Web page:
RIT students explore Japanese video game industry during study abroad

Two-week trip features visits to cultural sites, colleges and professional game studios

Nicole Lopez

Ten Rochester Institute of Technology students got to begin their summer vacation in Japan, immersing themselves in a new culture and learning about the world’s third largest video game market.

The two-week trip through the Japanese cities of Shiga, Kyoto, Osaka, Hiroshima and Tokyo was the culmination of a spring semester course that introduced students to game design and development in Japan. For the study abroad program, students learned from gaming professors at Ritsumeikan University, participated in a game jam with Japanese students and visited five game studios, including Bandai Namco—best known for creating the game Dark Souls.

Stephen Jacobs, a professor in RIT’s School of Interactive Games and Media (IGM), has taught similar study abroad courses before, previously taking students to explore the German video game industry. He chose to create a study abroad to Japan, along with David Simkins, an associate professor in IGM, because Japan is so key to the video game industry.

“We want students to experience other cultures and learn through engaging in cultural practices that will challenge them to explore and develop new ways of thinking and doing,” said Simkins. “This is as much true of the humanities and liberal arts side of what we do in university, as it is in the technical.”

As part of this year’s trip, students logged their adventures in a class blog, titled IGM Explores the Games Industry and Academia in Japan.

RIT students also visited Kyoto Computer Gakuin, a long-time sister school of RIT, where they saw some of the student games demoed and got to discuss the differences and similarities in their studies. Over the weekend, students from all three schools teamed up to collaborate in a 10-hour game jam, where they worked to create video games from scratch.

“We organized the game jam because encouraging interaction toward a purpose around an exciting shared goal is excellent context for learning about other people, how they work and what is important to them,” Simkins said.

Students also got to tour several professional game studios, including Universal Studios Japan, Q-Games, CyberConnect2, DeNA and Bandai Namco. While at DeNA—makers of the upcoming Mario Kart Tour—students even had their game jam creations reviewed and critiqued by two professional game developers. At the Universal Studios Theme Park in Osaka, students got to tour some of the attractions and learn about the design process from members of the design team.

“I learned a lot about how Japanese game companies operate,” said Nathan Glick, a third-year game design and development major from Stratford, Conn. “The most interesting thing I noticed during company visits was how casual the game companies were in comparison to the usual Japanese company, which is highly formal and work-heavy.”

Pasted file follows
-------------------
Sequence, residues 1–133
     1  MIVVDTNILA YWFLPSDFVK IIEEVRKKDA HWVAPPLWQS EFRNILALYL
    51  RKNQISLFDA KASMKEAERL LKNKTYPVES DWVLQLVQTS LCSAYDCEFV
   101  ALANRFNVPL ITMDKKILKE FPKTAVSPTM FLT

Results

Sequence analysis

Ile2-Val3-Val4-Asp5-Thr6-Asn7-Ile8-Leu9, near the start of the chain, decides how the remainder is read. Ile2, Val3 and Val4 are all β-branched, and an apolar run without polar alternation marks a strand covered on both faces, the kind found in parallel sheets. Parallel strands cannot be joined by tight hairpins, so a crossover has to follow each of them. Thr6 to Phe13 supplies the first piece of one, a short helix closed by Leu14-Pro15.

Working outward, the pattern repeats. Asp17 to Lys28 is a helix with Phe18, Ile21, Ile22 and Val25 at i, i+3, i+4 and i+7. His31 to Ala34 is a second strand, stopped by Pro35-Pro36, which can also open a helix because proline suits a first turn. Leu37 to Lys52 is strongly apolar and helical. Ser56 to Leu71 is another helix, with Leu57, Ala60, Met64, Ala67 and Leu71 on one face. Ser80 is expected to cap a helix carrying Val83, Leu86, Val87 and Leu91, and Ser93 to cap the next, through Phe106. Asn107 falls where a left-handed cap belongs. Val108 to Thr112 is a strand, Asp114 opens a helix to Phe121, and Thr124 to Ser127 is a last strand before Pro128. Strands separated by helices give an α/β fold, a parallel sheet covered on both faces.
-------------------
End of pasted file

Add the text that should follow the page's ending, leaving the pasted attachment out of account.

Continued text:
Throughout the trip, students were fond of Japan’s cuisine, from regional dishes like okonomiyaki in Hiroshima and takoyaki in Osaka to “cheap, but quality, convenience store food around every corner. The group also had dinner with members of the Japanese chapter of the International Game Developers Association (IGDA).

“Trips like these provide students with invaluable insight on how the professional world of other countries operate,” said Ariana Perry, a fourth-year applied arts and sciences major from Tiverton, R.I. “This is extremely useful for students like myself who have an interest in working overseas after graduation.”

In addition to video game-related visits, the RIT group also took time to experience the history and culture of Japan, making stops at gardens, shrines, the Hiroshima Peace Memorial Park and Museum, the gardens of Tokyo Imperial Palace and the Ghibli Museum, a museum showcasing the work of the Japanese anime powerhouse Studio Ghibli.

For Aiden Melendez, a game design and development master’s student, the program was an opportunity to check out the Japanese game industry for a possible career choice and put his minor in modern language Japanese to practice.

“Study abroad is something I hope most people would be able to experience sometime in their life,” said Melendez, who is from Treasure Island, Fl. “Not only is it essentially a vacation, but you can learn so much when you are put into the context of another culture—even about oneself and one’s own culture. People are able to think more diversely and openly when experiencing something outside their own bubble.”

In 2018, The Princeton Review ranked RIT as one of the top places in the world to study game design. The undergraduate and graduate level programs are housed in the School of Interactive Games and Media (IGM) within the B. Thomas Golisano College of Computing and Information Sciences.

Ten RIT students completed a two-week study abroad this summer, where they explored a new culture and the Japanese video game industry. Ariana Perry
The study abroad trip allowed RIT students to meet Japanese students studying game design and tour five professional game studios in Japan. Stephen Jacobs
The RIT group competed in a game jam with Japanese students from Ritsumeikan University and Kyoto Computer Gakuin. The teams had 10-hours to create video games. Stephen Jacobs
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